From the people who brought you the troop surge of 2007, the ongoing war in Afghanistan, drone strikes on Iraqi civilians and untold numbers of troops engaged in the ever-expanding Global War on Terror, we now have the first ever Military Powerpoint Karaoke.
On Tuesday, March 6, PowerPoint slides culled from “.mil” web domains by the Internet Archive and its partners serve as source material for a performance art event the military industrial complex likely never anticipated.
Audience members will step up to a mic and deliver the PowerPoint decks sight unseen, as straight-faced or as performatively as they see fit. Each presentation ends when all slides are clicked through or 5 minutes have passed (whichever comes first). The decks in the Internet Archive’s collection range from tips on “Surviving Driving Holidays ‘07” to an Army presentation on the history, use and dangers of LSD — so expect anything from mundane charts to maps of hate groups in the Midwest.
Also to be expected: terrible font choices, low-res images, awkward graphics and very strange formatting decisions. For those interested in the aesthetics of ugliness, these PowerPoints are a must-see. And as a bizarrely intimate peek into the military’s internal workings, it’s only fitting the decks should be presented by civilians in an equally vulnerable situation -- in front of a small crowd, with improvised authority.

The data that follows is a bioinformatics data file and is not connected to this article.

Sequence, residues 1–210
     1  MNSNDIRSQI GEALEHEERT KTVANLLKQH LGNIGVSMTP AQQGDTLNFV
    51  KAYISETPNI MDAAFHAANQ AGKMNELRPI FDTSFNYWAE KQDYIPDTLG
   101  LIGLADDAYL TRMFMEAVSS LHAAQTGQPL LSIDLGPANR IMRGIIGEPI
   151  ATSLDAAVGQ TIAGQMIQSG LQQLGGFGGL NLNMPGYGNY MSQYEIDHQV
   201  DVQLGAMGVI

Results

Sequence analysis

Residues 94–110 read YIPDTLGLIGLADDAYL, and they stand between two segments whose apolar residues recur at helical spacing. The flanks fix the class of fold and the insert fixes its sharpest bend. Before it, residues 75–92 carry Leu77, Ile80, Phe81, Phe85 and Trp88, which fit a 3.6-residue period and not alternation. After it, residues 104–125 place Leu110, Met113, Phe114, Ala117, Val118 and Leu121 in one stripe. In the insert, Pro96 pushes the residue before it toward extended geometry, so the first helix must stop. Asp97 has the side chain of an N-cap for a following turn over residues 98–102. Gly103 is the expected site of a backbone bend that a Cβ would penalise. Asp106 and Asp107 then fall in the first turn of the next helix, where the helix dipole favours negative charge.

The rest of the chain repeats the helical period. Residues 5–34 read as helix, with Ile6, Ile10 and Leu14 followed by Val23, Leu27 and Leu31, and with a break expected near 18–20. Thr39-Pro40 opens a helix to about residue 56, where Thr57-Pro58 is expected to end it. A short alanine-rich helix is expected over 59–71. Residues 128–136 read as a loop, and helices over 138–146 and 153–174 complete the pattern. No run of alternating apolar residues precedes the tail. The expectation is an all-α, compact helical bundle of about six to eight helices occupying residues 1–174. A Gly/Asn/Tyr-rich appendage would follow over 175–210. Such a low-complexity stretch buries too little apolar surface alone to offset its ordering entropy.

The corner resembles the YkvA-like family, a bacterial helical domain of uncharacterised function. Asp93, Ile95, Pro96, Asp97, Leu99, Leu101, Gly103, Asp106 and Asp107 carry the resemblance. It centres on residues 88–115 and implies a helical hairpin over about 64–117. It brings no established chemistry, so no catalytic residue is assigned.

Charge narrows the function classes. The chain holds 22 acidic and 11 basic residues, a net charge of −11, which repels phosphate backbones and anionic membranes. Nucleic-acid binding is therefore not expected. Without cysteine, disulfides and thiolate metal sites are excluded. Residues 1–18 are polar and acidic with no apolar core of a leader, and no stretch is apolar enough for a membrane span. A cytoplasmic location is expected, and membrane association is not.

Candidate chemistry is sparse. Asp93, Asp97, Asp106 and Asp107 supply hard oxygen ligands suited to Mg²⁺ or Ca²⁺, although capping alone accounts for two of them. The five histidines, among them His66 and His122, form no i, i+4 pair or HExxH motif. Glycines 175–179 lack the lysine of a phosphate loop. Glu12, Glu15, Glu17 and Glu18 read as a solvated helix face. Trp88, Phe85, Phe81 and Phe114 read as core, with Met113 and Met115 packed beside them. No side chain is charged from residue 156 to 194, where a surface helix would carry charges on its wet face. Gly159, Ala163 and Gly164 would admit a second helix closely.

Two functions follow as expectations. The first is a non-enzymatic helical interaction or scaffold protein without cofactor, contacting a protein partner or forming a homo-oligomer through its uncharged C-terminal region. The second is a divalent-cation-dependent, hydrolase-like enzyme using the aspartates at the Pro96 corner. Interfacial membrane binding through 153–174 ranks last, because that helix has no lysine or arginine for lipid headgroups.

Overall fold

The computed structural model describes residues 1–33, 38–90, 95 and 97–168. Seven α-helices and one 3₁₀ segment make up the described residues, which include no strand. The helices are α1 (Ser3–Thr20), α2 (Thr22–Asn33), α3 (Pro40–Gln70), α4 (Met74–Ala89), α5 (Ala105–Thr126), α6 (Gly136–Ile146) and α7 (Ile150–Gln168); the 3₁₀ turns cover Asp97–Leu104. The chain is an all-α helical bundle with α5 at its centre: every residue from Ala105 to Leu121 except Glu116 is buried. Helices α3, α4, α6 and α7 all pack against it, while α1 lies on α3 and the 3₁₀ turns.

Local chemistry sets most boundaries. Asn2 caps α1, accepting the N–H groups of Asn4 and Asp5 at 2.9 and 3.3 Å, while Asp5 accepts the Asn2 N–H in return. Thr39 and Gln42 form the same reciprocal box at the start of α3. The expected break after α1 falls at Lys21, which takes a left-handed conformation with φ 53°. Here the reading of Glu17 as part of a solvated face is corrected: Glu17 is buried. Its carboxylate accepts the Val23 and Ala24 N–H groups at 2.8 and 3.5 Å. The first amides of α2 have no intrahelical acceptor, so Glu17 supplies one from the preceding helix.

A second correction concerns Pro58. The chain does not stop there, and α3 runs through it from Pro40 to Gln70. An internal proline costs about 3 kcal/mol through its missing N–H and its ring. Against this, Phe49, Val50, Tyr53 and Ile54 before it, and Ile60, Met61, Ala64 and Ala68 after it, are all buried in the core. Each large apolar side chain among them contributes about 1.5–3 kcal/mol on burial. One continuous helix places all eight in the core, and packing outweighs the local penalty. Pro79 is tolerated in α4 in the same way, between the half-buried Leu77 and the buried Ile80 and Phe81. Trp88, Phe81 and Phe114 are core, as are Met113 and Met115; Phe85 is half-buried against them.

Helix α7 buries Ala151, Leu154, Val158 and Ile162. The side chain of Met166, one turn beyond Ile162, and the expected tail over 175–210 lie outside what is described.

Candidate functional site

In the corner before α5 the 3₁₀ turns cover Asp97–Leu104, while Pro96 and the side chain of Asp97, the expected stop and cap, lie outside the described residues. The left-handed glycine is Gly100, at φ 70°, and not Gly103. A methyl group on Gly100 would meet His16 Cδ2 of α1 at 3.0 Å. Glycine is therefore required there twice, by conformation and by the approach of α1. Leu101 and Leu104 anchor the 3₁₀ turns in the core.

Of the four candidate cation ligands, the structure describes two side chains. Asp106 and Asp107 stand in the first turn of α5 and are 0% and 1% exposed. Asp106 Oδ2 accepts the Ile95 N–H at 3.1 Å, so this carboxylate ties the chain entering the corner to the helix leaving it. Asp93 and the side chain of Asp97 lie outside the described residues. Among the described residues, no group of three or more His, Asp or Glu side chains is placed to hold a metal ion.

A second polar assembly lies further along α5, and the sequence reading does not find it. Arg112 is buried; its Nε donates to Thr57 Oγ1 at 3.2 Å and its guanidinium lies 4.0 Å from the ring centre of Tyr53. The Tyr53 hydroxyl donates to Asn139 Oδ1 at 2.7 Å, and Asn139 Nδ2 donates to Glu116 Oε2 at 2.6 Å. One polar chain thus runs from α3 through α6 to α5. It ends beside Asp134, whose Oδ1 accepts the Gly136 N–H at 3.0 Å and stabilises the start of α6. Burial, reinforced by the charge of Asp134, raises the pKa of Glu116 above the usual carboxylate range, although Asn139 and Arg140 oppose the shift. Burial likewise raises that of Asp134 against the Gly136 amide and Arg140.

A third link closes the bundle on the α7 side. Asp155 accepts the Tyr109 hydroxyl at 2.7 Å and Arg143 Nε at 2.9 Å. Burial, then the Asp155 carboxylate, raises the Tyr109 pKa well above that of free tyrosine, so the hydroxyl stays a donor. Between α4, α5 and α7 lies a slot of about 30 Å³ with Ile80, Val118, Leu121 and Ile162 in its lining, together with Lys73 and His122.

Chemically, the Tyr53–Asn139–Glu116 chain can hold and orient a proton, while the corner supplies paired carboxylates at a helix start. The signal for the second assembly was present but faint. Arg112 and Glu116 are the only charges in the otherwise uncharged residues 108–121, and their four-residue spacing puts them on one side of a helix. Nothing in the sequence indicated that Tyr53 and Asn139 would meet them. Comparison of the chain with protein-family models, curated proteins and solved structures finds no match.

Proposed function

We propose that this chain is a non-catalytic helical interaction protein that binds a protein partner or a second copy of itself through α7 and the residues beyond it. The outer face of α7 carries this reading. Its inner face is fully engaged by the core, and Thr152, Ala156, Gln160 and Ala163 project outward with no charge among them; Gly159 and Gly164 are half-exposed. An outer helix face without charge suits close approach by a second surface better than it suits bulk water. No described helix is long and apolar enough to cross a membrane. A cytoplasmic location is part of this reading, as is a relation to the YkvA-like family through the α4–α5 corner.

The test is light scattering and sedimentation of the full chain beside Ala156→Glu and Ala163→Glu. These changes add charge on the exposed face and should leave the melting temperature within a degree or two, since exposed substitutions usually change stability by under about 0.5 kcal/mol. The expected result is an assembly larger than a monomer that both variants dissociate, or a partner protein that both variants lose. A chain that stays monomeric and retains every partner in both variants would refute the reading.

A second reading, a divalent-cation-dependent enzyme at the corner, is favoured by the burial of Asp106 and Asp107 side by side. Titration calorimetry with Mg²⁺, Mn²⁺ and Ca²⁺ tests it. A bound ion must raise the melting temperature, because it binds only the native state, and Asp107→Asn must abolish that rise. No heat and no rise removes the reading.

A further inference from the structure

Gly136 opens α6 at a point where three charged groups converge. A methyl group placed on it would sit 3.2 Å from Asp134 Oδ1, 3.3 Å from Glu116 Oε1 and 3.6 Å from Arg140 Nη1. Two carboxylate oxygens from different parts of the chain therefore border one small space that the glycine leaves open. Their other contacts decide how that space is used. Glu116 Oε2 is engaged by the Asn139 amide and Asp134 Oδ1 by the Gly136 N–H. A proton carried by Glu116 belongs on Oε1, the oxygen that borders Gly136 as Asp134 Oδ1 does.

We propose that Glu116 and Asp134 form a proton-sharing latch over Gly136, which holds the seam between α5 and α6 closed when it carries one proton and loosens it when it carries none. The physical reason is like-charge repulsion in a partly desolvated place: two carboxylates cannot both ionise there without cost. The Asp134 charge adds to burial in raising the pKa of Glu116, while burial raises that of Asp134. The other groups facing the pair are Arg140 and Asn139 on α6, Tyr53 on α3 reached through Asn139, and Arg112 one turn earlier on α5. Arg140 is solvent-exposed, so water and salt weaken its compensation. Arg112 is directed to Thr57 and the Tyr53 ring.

Kicking off the night with headlining presentations are Rick Prelinger (of the Prelinger Library, Prelinger Archives and Lost Landscapes films) and Avery Trufelman (of the podcast 99% Invisible). Whether you’re a quick-witted raconteur with killer stage presence or simply an enthusiastic audience member, the night’s sure to be illuminating.
Military Powerpoint Karaoke takes place at the Internet Archive in San Francisco (300 Funston Avenue) on Tuesday, March 6, 7:30pm. Register for free tickets here.
Funding for KQED Arts is provided by The William and Flora Hewlett Foundation.
Support is also provided by Yogen and Peggy Dalal, Diane B. Wilsey, the Kenneth Rainin Foundation, the John S. and James L. Knight Foundation, Helen Sarah Steyer, the William and Gretchen Kimball Fund, and the members of KQED